Auto loan delinquency spikes in Alberta, Saskatchewan

Auto loan delinquency rates in Canada were at their highest level in four years in the fourth quarter of 2015, driven by spikes of 35 per cent in Alberta and 19 per cent in Saskatchewan.

Credit agency TransUnion points to non-mortgage debt defaults in oil-producing provinces

Pickup truck sales have grown rapidly in the past five years, but with job losses in Alberta and Saskatchewan, the debt from auto loans is hanging over some consumers.

There has been enormous sales growth of pickup trucks and crossover SUVs  in the last five years, but the costs of these larger vehicles are weighing heavily on consumers in some oil-producing provinces.

Auto loan delinquency rates in Canada were at their highest level in four years in the fourth quarter of 2015, driven by spikes of 35 per cent in Alberta and 19 per cent in Saskatchewan.

According to the credit trends reporting agency TransUnion, Saskatchewan has the highest auto loan delinquency rate in the country, at 2.7  per cent, followed by Alberta at 2.4 per cent.

Delinquency on auto loans occurs when payments are 60 or more days past due.

"Falling oil prices have led to rising unemployment rates in oil-rich regions," said Jason Wang, TransUnion's director of research and analysis.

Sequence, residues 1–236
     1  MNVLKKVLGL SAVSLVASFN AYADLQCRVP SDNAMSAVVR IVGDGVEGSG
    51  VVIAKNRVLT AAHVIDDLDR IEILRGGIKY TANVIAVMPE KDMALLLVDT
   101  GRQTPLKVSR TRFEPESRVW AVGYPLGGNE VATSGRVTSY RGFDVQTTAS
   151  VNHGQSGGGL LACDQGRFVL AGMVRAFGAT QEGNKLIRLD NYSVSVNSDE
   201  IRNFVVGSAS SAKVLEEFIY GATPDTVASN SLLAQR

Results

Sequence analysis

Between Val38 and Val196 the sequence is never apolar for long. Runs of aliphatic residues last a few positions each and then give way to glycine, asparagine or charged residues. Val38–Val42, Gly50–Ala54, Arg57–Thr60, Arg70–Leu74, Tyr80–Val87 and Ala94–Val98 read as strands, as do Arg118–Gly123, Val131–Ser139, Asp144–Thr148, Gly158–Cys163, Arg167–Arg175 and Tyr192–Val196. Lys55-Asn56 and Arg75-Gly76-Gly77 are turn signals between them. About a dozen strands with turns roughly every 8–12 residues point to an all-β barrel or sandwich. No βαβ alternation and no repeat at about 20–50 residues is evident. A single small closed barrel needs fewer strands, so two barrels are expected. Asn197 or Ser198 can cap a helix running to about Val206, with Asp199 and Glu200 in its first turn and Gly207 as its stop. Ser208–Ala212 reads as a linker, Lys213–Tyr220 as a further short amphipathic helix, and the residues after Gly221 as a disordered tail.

"We are now seeing the increase in unemployment in these areas manifest as rising delinquencies across the board, though the greatest impact has been on auto loans."

For Canada as a whole, auto loan delinquencies rose to 1.3 per cent.

Moody's has warned some Canadian banks over auto loans, which have been getting larger as buyers opt for large vehicles and is now spread over longer terms of up to seven years.  

There were also shifts in delinquency rates on other non-mortgage debt, with more people in British Columbia and Ontario able to keep up with their bills, while delinquencies climbed in Quebec, Alberta and Saskatchewan.

TransUnion said Canadians' average non-mortgage debt edged up slightly to $21,512 at the end of 2015, from $21,248 in 2014.

Canadians used their credit cards more heavily during holiday shopping in 2015, and there was 4.1 per cent more debt on credit cards, Wang said.

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